Avery Williams, LB, Texans: Bill Belichick has long liked Texans linebacker Bernardrick McKinney's game, but don't expect the Texans to be willing to part ways with him any time soon. If the Patriots are looking for some depth at that spot and in the kicking game, Williams showed them some things during this week's joint practices. He dominated a punt-team drill where he put both Patriots Nate Ebner and LeShun Daniels on their backs after squaring them up one-on-one at the line. Williams wasn't an eye-popping athlete coming out of Temple this spring, but he was productive, earning second-team all-conference honors. Dylan Cole, an undrafted rookie linebacker out of Missouri State, is a better fit for the Patriots in terms of his athletic profile, but Cole seems to have impressed coaches at Texans training camp and may not be going anywhere for a while. 

Breno Giacomini, OT, Texans: On a one-year contract in Houston, the Patriots could be interested in the veteran tackle who hails from Malden, Mass. Belichick's club has been hurting at tackle lately with Nate Solder, Tony Garcia and LaAdrian Waddle all missing time injured. The Texans have an intriguing rookie, Julien Davenport, who is currently listed as the team's backup left tackle, and whenever Duane Brown returns from his holdout, Giacomini could be the team's fifth tackle on the depth chart. Giacomini started for the Jets in Week 12 against the Patriots last season, played every snap, and held his own. 

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Jalen Ramsey's right: Jags should have trusted Bortles against Patriots

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Jalen Ramsey's right: Jags should have trusted Bortles against Patriots

It’s easy to debate whether the comments to GQ Magazine made by Jaguars corner Jalen Ramsey were “appropriate.” 

But don’t get completely caught in the weeds on that. Because more than a little of what Ramsey said is accurate.

He took a verbal flamethrower to guys like Ben Roethlisberger, Matt Ryan and especially Bills rookie Josh Allen. Then, when asked the merits of his own quarterback, Blake Bortles, Ramsey criticized the Jaguars' offensive approach in the second half of last year’s AFC Championship.   

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“Blake do what he gotta do . . . ” said Ramsey. “I think in crunch-time moments, like last year's playoff game -- not as a team, because we would have trusted him -- but I think as an organization, we should have trusted him more to keep throwing it. We kinda got complacent and conservative. And I think that's why we lost. We started running it on first and second down, throwing it on third down, every single time we were out there. [The Patriots] caught on to that.”

Yeah, they kinda did. In stark contrast to the aggressive offensive style the Eagles showed in the Super Bowl, Jacksonville turtled in the second half of the AFCCG, which they eventually lost, 24-20, by blowing a 10-point lead in the final 10 minutes. 

Jacksonville was up 14-3 late in the first half before the Patriots narrowed the score to 14-10 with a James White touchdown. By that time, Jags running back Leonard Fournette had run 11 times for 40 yards and Bortles was 13-for-15 for 195 yards.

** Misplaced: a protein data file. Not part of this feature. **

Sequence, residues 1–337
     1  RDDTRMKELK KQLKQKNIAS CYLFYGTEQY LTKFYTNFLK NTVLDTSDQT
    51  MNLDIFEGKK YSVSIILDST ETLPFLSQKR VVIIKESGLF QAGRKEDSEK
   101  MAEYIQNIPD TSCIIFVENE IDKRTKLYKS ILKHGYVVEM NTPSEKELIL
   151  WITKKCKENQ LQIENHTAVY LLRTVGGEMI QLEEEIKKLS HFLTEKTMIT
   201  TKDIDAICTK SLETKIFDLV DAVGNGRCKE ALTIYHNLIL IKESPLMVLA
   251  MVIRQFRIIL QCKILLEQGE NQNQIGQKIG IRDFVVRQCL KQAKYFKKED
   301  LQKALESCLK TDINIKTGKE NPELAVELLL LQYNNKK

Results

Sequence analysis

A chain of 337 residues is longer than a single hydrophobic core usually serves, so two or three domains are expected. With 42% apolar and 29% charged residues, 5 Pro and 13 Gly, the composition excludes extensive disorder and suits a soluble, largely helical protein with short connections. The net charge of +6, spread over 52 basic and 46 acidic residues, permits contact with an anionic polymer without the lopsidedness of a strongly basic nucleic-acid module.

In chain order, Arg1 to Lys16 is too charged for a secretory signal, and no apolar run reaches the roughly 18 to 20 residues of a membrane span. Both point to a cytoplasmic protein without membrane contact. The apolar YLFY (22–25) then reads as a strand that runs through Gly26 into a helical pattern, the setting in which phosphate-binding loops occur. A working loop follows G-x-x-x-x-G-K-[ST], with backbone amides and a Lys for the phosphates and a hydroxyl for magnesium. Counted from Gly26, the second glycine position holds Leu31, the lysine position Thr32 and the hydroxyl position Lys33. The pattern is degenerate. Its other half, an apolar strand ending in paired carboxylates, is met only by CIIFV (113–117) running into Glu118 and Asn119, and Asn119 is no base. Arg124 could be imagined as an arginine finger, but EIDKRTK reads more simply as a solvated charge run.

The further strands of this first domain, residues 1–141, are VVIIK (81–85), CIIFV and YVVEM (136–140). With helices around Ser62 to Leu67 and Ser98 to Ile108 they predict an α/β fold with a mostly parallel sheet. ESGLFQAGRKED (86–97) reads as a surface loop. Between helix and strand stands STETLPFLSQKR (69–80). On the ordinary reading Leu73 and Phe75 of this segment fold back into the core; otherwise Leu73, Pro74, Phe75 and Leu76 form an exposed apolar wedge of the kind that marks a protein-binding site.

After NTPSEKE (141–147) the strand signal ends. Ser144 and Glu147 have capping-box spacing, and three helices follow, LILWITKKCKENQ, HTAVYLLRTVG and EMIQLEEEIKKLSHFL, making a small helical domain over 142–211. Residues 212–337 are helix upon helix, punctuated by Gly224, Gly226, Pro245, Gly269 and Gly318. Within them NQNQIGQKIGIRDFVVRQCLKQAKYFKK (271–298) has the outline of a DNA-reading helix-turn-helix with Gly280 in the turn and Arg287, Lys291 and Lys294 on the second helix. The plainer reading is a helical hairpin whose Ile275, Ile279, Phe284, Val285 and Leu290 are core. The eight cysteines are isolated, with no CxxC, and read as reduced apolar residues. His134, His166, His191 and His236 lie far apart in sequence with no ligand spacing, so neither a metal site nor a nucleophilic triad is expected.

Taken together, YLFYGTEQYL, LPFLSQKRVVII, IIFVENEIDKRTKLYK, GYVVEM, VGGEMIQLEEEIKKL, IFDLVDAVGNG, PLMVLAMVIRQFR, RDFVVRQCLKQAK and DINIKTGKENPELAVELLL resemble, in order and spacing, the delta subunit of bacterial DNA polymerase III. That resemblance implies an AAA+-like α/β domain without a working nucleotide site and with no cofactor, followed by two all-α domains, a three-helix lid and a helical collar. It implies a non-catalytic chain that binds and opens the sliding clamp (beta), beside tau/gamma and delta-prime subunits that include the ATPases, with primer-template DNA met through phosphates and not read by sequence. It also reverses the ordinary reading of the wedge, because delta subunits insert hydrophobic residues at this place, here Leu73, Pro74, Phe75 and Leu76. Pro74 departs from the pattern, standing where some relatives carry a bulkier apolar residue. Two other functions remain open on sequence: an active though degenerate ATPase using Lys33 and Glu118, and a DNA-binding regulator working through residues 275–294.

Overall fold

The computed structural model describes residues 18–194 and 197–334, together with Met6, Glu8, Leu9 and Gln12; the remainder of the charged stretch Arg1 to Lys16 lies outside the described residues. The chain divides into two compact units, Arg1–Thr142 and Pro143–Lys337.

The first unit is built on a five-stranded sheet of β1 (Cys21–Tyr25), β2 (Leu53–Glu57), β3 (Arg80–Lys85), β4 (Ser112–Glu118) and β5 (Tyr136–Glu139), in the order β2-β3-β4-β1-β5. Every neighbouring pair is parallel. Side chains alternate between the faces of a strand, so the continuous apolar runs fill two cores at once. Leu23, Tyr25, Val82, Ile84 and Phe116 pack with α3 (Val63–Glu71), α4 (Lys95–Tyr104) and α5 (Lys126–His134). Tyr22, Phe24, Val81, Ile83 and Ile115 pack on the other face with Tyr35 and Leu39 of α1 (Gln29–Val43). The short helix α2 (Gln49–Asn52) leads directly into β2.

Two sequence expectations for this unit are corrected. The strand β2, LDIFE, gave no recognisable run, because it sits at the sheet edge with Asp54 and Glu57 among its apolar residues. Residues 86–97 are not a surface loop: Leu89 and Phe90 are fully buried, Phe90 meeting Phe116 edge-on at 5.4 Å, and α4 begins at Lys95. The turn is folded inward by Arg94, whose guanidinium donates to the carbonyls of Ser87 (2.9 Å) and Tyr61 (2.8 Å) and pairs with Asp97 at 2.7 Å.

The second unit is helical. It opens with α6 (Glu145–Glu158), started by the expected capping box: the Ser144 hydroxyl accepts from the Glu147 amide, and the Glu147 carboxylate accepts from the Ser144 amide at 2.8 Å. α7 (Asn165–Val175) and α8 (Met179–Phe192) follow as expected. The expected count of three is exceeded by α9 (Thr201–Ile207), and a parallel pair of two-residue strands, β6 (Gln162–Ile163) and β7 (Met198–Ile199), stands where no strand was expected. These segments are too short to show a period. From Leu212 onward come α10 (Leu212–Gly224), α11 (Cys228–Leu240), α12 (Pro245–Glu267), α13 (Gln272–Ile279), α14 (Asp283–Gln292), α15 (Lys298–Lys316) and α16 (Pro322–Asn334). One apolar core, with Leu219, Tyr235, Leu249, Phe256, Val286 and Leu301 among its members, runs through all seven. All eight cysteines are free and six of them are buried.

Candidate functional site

In the second half, Fournette ran 13 times for 36 yards. They ran him 10 times on first-and-10 while they had the second-half lead. He gained 25 yards on those carries, with 14 coming on one of those. 

The Jags’ strategy was obvious. To everyone. They were going to run the ball so that every position ate some clock. But by handing off over and over and running a big back into a defense stacked against him, the Jags were continually asking Bortles to make something out of second-and-long. 

The Jags tried to sneak out of Foxboro with a win. Going bold against the greatest quarterback of all-time (especially for a huge underdog) was probably the better strategy.  

What about Super Bowl 51, you say? Good point. Former Falcons offensive coordinator Kyle Shanahan will forever be criticized for being too aggressive and allowing the Patriots to come back from a 28-3 deficit. 

But that game was an avalanche of huge plays by New England on both sides of the ball in the second half, which left Shanahan searching for answers and making desperate decisions. 

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The Jags started playing scared before halftime when they took a knee on first down with 55 seconds left and two timeouts.

The way the final two games of the Patriots 2017 season unfolded may have been a teachable moment for the rest of the league. It’s fight or flight. 

You can be afraid of the Patriots, play scared and allow your nightmare to be realized, as the Jags did. Or you can fight them, like Philly did. 

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NBC Sports Boston Breakfast Pod: Panicking over the Patriots wide receivers; Red Sox continue to win

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NBC Sports Boston Breakfast Pod: Panicking over the Patriots wide receivers; Red Sox continue to win

1:23 - Marc Bertrand and Phil Perry join Trenni Kusnierek on Early Edition to discuss Tom Brady’s comments after today’s practice, and they compare this year’s wide receivers to the receivers on the 2006 team.  

6:39 - Evan Drellich phones in to break down the Red Sox 2-1 win over the Phillies and how this team doesn’t seem to ever lose close games. 

10:24 - Tom Giles, Kevin Duffy, Hardy, and Phil Perry give their panic meter rankings for the numerous Patriots injuries sustained during training camp practices.